U.S. Preventive Services Task Force

Screening for Ovarian Cancer: Recommendation Statement

 

Am Fam Physician. 2018 Jun 15;97(12):online.

Related Putting Prevention into Practice: Screening for Ovarian Cancer.

As published by the U.S. Preventive Services Task Force.

Summary of Recommendation and Evidence

The USPSTF recommends against screening for ovarian cancer in asymptomatic women (Table 1). D recommendation.

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TABLE 1.

Screening for Ovarian Cancer: Clinical Summary of the USPSTF Recommendation

Population

Asymptomatic women without a known high-risk hereditary cancer syndrome

Recommendation

Do not screen for ovarian cancer in asymptomatic women.

Grade: D

Risk assessment

Women with certain hereditary cancer syndromes are at high risk for ovarian cancer. Women with a family history of ovarian or breast cancer may be at risk for a hereditary cancer syndrome and should discuss their family history with their health care professional. The clinical symptoms of ovarian cancer (e.g., abdominal pain or pressure, bloating, constipation, urinary symptoms, back pain, or fatigue) are nonspecific and may be present in both healthy women and women with late-stage ovarian cancer; therefore, use of clinical symptoms for risk stratification for the early detection of disease is difficult.

Screening tests

The USPSTF does not recommend routine screening for ovarian cancer using any method. Transvaginal ultrasound and serum cancer antigen 125 testing are readily available procedures that are commonly used to evaluate women with signs or symptoms of ovarian cancer and have been evaluated in screening studies. Pelvic examination is also commonly performed to evaluate women with lower abdominal symptoms.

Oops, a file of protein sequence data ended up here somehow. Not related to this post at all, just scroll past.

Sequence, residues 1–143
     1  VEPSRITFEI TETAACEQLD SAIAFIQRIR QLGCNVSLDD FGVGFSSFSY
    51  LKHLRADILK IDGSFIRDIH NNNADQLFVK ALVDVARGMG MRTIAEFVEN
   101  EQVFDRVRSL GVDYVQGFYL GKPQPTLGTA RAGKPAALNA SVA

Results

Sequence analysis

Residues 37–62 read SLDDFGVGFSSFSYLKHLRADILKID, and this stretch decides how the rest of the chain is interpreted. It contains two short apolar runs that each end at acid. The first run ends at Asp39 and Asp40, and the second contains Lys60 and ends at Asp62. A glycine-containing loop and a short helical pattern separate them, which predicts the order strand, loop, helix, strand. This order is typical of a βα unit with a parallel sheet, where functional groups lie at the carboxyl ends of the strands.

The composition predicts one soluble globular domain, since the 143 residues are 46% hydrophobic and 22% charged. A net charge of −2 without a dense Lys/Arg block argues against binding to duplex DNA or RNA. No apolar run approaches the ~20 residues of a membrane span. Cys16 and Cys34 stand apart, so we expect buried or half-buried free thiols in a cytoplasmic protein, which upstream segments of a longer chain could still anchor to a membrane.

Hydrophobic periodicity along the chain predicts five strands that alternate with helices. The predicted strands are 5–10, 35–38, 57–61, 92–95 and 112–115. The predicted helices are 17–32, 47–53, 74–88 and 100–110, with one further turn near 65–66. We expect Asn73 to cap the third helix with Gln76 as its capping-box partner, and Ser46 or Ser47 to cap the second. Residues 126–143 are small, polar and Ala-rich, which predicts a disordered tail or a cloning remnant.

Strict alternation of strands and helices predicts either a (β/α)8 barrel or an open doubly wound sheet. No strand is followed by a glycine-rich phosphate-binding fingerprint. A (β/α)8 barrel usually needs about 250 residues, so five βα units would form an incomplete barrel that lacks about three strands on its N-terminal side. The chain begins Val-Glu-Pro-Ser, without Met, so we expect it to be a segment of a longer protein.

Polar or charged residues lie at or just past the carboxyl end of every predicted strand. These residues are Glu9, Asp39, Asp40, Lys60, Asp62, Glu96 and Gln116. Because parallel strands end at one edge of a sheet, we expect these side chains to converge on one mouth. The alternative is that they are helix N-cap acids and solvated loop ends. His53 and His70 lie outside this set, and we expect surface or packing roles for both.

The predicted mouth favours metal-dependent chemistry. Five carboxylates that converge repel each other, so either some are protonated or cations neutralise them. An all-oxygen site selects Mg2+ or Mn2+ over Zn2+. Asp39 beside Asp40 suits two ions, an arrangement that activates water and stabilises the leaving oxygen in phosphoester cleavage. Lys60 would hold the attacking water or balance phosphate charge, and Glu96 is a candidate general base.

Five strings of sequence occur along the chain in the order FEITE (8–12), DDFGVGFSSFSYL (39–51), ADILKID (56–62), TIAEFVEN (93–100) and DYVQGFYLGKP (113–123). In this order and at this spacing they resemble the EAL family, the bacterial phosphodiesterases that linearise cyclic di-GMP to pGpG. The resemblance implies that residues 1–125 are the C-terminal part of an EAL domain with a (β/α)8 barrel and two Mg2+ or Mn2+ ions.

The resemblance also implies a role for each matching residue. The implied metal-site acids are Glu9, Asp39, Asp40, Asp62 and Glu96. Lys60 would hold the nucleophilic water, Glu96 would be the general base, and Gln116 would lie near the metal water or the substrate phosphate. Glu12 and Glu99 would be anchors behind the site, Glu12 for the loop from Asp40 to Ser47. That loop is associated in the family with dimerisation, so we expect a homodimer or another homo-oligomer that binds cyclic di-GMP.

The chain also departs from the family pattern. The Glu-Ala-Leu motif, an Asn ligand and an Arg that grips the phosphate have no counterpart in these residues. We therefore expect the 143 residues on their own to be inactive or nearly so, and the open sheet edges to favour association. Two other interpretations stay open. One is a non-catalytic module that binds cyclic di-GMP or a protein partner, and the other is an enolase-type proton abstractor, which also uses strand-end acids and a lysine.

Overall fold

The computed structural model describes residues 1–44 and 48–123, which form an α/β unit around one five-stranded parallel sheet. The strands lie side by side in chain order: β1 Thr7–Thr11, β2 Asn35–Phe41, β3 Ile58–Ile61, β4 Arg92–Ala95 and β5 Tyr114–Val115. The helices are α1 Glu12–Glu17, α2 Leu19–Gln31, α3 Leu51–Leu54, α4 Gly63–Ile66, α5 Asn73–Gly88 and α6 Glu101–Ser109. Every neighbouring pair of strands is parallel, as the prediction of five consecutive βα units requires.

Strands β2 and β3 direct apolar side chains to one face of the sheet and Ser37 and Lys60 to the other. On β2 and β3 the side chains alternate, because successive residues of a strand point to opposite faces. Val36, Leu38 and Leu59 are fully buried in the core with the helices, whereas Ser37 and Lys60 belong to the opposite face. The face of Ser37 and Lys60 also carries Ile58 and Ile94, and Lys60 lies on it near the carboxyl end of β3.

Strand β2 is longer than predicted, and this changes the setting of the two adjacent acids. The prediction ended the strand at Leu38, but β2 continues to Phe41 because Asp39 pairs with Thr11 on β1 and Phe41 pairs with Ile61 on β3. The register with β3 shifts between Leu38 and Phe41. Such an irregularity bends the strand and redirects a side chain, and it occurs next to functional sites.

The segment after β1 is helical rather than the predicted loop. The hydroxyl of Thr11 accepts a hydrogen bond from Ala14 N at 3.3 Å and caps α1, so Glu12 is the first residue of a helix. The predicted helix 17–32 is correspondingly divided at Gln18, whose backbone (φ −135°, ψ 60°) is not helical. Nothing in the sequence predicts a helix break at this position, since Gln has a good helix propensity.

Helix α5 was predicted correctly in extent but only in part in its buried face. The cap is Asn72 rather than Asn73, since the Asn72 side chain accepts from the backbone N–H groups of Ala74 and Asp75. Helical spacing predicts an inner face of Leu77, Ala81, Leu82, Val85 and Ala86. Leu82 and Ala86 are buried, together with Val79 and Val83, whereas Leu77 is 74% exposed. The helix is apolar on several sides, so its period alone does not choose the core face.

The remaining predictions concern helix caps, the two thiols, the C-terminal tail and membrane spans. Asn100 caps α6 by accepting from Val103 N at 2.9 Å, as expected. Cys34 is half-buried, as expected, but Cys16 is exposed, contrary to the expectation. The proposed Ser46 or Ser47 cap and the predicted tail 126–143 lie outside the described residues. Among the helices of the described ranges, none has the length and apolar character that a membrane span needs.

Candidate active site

Treatments

Treatment of ovarian cancer typically includes surgical treatment (staging or debulking) and intraperitoneal, intravenous, or combined chemotherapy.

Other relevant USPSTF recommendations

The USPSTF recommends that women with a family history indicating they are at risk for a deleterious gene mutation (BRCA1 or BRCA2) be referred for genetic counseling and, if indicated, genetic testing. The USPSTF concluded that the current evidence is insufficient to assess the balance of benefits and harms of screening with pelvic examination to detect a range of gynecologic conditions in asymptomatic, nonpregnant women.


Note: For a summary of the evidence systematically reviewed in making this recommendation, the full recommendation statement, and supporting documents, go to https://www.uspreventiveservicestaskforce.org/.

USPSTF = U.S. Preventive Services Task Force.

TABLE 1.

Screening for Ovarian Cancer: Clinical Summary of the USPSTF Recommendation

Population

Asymptomatic women without a known high-risk hereditary cancer syndrome

Recommendation

Do not screen for ovarian cancer in asymptomatic women.

Grade: D

Risk assessment

Women with certain hereditary cancer syndromes are at high risk for ovarian cancer. Women with a family history of ovarian or breast cancer may be at risk for a hereditary cancer syndrome and should discuss their family history with their health care professional. The clinical symptoms of ovarian cancer (e.g., abdominal pain or pressure, bloating, constipation, urinary symptoms, back pain, or fatigue) are nonspecific and may be present in both healthy women and women with late-stage ovarian cancer; therefore, use of clinical symptoms for risk stratification for the early detection of disease is difficult.

Screening tests

The USPSTF does not recommend routine screening for ovarian cancer using any method. Transvaginal ultrasound and serum cancer antigen 125 testing are readily available procedures that are commonly used to evaluate women with signs or symptoms of ovarian cancer and have been evaluated in screening studies. Pelvic examination is also commonly performed to evaluate women with lower abdominal symptoms.

Treatments